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40 years ago

Scenario for a potentially bad fire … dense smoke pouring from the ground floor of an apartment at 8920 Roosevelt Road. … Firefighters breaking a picture window to get inside … Was there someone in their? Yes, they think so.

Lt. Bill Vrtis saw the legs of a woman – then the woman – under a dining room table. He and his men battled the smoke and flames to lift her out and into an ambulance. Meanwhile, other firemen directed high pressure hoses onto spreading flames and smoldering areas to prevent the hot smoke from igniting. Soon the fire was under control. The woman, Mary May Walker, 54, suffered from smoke inhalation and some burns. The bottom line … both she and her apartment were saved.

From the Feb. 20, 1969, Forest Park Review

30 years ago

It’s been a long time since we printed anything from Editor Bob Haeger’s column, Once Over Lightly. Here’s his opening comment in the column following the mayoral election in which he placed solidly in the middle: “I had an idea you weren’t going to vote for me, but I didn’t think you weren’t going to vote for me that much.”

I like anyone, even a newspaperman, who comes up with a fresh way to say something, and Haeger was pretty good at that.

The name Mitchell Ware may ring a faint bell. In the 1970s he was deputy superintendent of the Chicago Police Dept. He was arrested in March 1979 by Forest Park police after leaving the apartment of his estranged wife at 7506 Randolph.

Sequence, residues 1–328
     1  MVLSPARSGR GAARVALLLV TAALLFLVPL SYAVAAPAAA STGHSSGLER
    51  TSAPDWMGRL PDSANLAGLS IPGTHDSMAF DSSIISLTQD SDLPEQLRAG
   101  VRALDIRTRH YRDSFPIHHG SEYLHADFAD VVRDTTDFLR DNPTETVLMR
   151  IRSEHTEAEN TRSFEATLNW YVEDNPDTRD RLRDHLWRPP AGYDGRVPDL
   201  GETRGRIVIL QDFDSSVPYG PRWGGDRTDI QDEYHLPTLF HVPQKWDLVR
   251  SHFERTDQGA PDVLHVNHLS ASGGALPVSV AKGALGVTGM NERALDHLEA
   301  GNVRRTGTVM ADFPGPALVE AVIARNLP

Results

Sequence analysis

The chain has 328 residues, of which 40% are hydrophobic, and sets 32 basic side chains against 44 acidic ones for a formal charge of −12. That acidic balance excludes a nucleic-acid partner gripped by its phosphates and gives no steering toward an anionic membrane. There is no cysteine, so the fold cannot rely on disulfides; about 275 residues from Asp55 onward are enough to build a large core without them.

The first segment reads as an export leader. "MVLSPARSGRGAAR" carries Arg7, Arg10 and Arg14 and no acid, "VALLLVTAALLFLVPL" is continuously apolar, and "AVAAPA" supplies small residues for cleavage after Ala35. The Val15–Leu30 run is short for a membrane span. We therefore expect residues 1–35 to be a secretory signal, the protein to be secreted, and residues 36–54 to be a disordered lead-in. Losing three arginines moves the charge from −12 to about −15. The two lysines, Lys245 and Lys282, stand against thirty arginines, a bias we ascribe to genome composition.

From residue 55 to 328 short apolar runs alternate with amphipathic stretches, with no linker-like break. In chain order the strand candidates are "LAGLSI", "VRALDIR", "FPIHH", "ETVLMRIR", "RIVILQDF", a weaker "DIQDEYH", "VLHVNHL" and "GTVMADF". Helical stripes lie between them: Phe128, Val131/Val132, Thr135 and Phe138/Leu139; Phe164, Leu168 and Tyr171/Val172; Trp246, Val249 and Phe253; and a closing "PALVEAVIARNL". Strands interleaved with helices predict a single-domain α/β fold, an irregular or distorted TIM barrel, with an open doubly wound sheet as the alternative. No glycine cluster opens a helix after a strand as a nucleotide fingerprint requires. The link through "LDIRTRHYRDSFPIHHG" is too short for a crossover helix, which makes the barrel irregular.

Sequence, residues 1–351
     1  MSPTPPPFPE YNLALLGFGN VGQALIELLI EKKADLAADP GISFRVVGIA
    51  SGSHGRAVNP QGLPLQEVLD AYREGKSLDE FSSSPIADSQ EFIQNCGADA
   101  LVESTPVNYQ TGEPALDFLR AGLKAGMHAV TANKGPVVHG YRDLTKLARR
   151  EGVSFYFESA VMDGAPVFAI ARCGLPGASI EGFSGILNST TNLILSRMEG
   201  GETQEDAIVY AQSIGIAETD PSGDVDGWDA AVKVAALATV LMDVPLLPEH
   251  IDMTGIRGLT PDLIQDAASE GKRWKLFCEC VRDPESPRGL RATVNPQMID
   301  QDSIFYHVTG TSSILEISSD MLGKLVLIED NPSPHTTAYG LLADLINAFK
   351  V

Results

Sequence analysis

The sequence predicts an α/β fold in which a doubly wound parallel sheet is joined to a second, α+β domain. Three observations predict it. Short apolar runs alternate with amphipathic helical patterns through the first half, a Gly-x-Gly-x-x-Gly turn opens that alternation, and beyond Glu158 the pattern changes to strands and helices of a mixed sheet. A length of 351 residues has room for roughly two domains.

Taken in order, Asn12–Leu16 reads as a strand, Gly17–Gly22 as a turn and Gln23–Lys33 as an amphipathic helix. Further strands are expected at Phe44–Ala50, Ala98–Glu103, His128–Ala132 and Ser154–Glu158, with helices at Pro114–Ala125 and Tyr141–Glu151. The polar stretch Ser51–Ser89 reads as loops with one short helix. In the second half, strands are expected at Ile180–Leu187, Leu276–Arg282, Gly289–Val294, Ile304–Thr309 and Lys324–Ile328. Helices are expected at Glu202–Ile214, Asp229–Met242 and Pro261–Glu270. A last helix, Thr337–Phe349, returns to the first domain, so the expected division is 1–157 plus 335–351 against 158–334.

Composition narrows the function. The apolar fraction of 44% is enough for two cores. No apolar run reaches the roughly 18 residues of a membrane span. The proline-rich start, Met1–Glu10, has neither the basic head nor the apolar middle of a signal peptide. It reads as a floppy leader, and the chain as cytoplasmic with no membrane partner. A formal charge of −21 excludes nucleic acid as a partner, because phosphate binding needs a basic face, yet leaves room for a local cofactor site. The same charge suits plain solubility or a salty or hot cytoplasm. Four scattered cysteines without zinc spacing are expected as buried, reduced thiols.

Ware had come there seeking reconciliation with her after the two had separated three weeks earlier. When Ms. Ware refused his offer, he allegedly slapped her on the face and threatened her with a gun. After she phoned Forest Park police, he left. Arresting officers William Pates and James Sebastian found a revolver in the apartment that Ware later identified as his. At the time he was the highest ranking black officer in the Chicago Police Dept.

From the March 28, 1979, Forest Park Review

20 years ago

In another fire here, two families on the 1100 block of Harlem were left homeless. The Chapmans and theYanguses lived in adjacent houses at 1117 and 1119 S. Harlem. Each family had a 2 year old. One of the toddlers got hold of a cigarette lighter and “matched” it to its curiosity. The long-range result was a couple of families who escaped unharmed, yet lost nearly everything, and for a few days had to depend on relatives.

The warm part of the fire story is the response from generous local businesses, donations from concerned residents and relocation and housing help from the community center – specifically its director, Cindy Lyons.

“Forest Park really does pull together,” she said. “It’s wonderful when people here help each other out.”

From the April 5, 1989, Forest Park Review

10 years ago

“If at first you succeed, try, try again ’til you get caught.” That was the innovative headline over the police report written by editor Brett McNeil in February of 1999.

The Brute, Unimaginative Persistence Award went to Louis Harris, 48, who started the morning on a winning note with a smash and grab robbery that netted him $300 worth of electronics. Apparently believing himself to be on a roll, our man revisited the site of his wrong-doing that afternoon. About to step over the sill of the broken window with a microwave in tow, he attracted the attention of several passersby. A fast cell call and the police ended all his fun.

From the Feb. 24, 1999, Forest Park Review